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Savoring the Seasons

Savoring the Seasons: Just a few ingredients


As Amy Clarke and I prepared the free community meal a few weeks ago, we talked about simple, few-ingredient recipes we like. A week later, I had a “four-ingredient dinner” with my friends, Grace Edwards, Sue Tippett, Karen Warren, and Xin Xin Tarren. We enjoyed salmon prepared with Grace’s four-ingredient marinade (olive oil, crushed garlic, cilantro or Italian flat-leaf parsley, lime juice), a grated carrot, chopped mint, lemon juice, and golden raisin salad I learned from Emily Oppegard, and Sue’s four-ingredient broccoli (broccoli stir-fried with tamari, olive oil, lemon juice).

The next day, Amy wrote to me, saying “I was making this pie when I realized it only had four ingredients! My mother has been making it as long as I can remember.”

I asked Amy why it’s called Cutler Point Blueberry Pie.

Amy asked her mother and told me, “When my parents, Bob and Nancy Sawyer, were first married and had little money, my mother’s parents paid for my parents (and me, once I arrived!) to go on vacation in Maine for a week each summer with them. Everyone went to a restaurant on Cutler Point one night (my parents can’t remember the name) where the lobster bisque and blueberry pie were just delicious. Grammy Thayer and Mom went into the kitchen to thank the chef, and he gave them the recipe for blueberry pie. So, whatever they called it there — it’s Cutler Point Blueberry pie to us!”

What simple, tasty few-ingredient recipes did you learn from your mother or grandmother? What is your favorite few-ingredient cookbook? World Eye Bookshop has these intriguing cookbooks: “Delish: Just Four Ingredients Fast” by Editors of Delish and “Fix-It and Enjoy-It! Five Ingredient Cookbook” by Phyllis Pellman Good.

I’d love to share more few-ingredient recipes on the Aug. 14 food page when I write about the Really, Really Free Market at the Free Harvest Supper. (FHS is on Sunday, Aug. 18, visit for information and to volunteer). Please send me your favorite few-ingredient recipes.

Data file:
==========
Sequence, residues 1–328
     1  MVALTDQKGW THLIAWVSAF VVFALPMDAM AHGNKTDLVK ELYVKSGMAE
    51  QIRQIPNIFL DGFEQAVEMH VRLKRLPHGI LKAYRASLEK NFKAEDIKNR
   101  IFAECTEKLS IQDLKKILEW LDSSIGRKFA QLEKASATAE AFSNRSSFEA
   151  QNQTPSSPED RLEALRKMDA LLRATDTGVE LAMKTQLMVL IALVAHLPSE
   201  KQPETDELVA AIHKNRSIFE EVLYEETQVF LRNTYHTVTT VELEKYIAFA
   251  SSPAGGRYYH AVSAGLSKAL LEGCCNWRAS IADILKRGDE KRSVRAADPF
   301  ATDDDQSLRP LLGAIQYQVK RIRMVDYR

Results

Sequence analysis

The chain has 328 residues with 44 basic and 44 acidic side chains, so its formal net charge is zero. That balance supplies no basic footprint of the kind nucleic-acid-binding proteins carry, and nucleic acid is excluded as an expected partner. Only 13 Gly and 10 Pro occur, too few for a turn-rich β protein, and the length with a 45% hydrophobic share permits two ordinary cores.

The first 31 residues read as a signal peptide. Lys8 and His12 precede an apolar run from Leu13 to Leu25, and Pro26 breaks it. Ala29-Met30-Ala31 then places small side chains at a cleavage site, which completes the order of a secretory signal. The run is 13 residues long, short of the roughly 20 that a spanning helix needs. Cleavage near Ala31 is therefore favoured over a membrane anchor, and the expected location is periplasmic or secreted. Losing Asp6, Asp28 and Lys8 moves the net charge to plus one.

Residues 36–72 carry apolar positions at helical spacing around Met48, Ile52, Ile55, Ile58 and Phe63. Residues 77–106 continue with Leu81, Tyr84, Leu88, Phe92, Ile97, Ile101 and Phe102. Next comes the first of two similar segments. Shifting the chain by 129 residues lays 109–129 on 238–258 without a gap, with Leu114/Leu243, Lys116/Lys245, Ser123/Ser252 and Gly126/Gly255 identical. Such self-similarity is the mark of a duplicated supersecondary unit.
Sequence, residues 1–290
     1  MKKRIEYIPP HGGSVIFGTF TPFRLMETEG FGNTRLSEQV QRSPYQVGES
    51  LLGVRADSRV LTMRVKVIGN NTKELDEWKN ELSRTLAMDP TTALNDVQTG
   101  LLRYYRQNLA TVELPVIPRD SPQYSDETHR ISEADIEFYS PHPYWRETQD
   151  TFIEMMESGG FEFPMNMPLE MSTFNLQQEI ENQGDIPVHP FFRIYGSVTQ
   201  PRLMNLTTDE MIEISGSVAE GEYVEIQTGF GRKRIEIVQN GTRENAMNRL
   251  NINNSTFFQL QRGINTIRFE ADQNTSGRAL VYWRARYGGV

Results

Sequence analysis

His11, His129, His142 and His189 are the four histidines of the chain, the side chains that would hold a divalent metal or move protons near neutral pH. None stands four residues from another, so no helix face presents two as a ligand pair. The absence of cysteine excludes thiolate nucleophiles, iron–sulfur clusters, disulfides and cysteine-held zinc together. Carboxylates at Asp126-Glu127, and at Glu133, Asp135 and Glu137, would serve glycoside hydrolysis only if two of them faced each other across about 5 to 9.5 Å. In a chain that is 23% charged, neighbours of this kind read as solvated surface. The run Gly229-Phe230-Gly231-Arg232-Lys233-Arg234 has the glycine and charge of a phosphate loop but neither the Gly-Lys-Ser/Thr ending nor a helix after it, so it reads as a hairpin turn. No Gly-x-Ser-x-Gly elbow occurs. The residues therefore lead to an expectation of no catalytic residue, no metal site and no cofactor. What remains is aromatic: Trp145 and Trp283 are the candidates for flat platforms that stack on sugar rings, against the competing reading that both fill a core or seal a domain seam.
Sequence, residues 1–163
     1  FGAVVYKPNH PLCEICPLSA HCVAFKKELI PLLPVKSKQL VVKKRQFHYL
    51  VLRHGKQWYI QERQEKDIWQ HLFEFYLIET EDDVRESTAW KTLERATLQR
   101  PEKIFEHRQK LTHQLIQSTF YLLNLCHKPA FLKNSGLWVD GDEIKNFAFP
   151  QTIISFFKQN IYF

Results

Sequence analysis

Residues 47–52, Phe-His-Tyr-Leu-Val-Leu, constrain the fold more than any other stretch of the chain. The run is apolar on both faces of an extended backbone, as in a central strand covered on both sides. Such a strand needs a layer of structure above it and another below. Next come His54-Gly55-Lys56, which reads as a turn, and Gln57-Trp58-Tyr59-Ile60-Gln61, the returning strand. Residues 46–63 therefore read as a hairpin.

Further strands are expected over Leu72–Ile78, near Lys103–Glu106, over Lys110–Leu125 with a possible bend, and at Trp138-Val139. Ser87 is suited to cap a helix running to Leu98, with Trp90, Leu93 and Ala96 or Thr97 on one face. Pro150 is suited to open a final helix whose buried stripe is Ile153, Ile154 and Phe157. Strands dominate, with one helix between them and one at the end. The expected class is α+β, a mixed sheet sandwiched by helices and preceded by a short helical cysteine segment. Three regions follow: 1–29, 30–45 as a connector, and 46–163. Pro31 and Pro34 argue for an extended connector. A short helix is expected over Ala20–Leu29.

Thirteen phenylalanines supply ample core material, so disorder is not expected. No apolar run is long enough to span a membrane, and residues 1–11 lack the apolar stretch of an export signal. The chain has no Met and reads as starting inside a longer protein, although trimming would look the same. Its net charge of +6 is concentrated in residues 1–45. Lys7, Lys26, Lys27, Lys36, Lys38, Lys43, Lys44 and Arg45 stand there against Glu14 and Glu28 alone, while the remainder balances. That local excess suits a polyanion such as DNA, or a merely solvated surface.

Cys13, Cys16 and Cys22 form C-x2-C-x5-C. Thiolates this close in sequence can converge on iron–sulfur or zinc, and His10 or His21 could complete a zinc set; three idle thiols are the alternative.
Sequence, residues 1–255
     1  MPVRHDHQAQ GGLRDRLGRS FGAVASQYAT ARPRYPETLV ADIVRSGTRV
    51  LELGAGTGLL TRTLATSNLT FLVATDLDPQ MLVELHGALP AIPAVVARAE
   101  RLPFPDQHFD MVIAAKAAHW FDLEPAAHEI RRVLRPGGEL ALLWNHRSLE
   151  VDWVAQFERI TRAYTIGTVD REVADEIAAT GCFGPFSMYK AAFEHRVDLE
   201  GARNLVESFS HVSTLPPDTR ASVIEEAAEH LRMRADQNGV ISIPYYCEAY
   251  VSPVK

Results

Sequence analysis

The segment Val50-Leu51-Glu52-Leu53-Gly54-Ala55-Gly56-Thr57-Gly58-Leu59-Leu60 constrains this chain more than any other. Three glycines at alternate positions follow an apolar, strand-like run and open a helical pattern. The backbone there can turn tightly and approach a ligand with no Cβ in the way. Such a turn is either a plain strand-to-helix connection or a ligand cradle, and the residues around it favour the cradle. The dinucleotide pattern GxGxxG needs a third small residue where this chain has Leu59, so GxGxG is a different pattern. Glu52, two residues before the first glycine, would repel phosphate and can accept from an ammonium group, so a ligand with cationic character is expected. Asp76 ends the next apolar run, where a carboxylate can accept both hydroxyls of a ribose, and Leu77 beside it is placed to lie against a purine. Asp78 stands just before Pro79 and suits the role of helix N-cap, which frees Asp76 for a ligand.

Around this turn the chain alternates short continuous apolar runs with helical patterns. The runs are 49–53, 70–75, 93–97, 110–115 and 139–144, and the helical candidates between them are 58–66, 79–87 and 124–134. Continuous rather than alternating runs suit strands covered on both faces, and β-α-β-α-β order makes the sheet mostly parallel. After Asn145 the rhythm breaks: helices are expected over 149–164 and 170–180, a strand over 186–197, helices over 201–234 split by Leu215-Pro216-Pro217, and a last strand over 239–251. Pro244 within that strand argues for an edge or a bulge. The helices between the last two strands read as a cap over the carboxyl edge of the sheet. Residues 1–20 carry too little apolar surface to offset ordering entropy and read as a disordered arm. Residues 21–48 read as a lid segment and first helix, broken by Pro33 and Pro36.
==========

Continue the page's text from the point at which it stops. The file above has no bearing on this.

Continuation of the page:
Attention, Jam-Makers! Norma Johnson from Montague wants to know if any of my jammer readers get good spreadability (without runniness or stiffness) without commercial pectin, and what techniques they use. Please send me any advice you have so I can share it in this column.

Two Upcoming Greenfield Com-munity College Food Classes:

Food Preservation & Storage: Learn techniques for preserving and storing food. Topics include: kitchen safety, food safety, canning basics, dehydration, cold storage and freezing, food selection, choosing and maintaining equipment, and awareness of local food resources. Wednesdays, 6 to 9 p.m., July 31 to Aug. 28. Franklin County Tech School, Turners Falls.

Wild Foods: Introduction to observing, identifying, harvesting and preserving native plants, herbs, and weeds for edible and nutritional purposes. Topics include turning common weeds, including invasive species, into value-added products, improving productivity of farms, gardens or homesteads. Mondays, 1 to 4 p.m., July 22, July 29, August 19, and Monday, Aug. 5, 10 a.m. to 4 p.m. Greenfield Community College and Amherst (for field days)

Register through Community Education (not for credit) at:

Or register for credit at:

This week we’re eating. . .


By Amy Clarke, Greenfield (learned from her mother, Nancy Sawyer)

1 graham cracker crust — homemade is best

4 C. blueberries

1 C. sugar

2 heaping T. cornstarch

In saucepan, combine 1 C. sugar, 1 C. berries, cornstarch, and 1/2 C. water. Stir constantly over medium high heat until very thick and very dark purple. You barely should be able to tell the berries from the sauce. Remove from heat, add remaining berries, pour into crust, and refrigerate 4 hours or more. Serve with whipped cream or ice cream. We don’t eat blueberry pie any other way!

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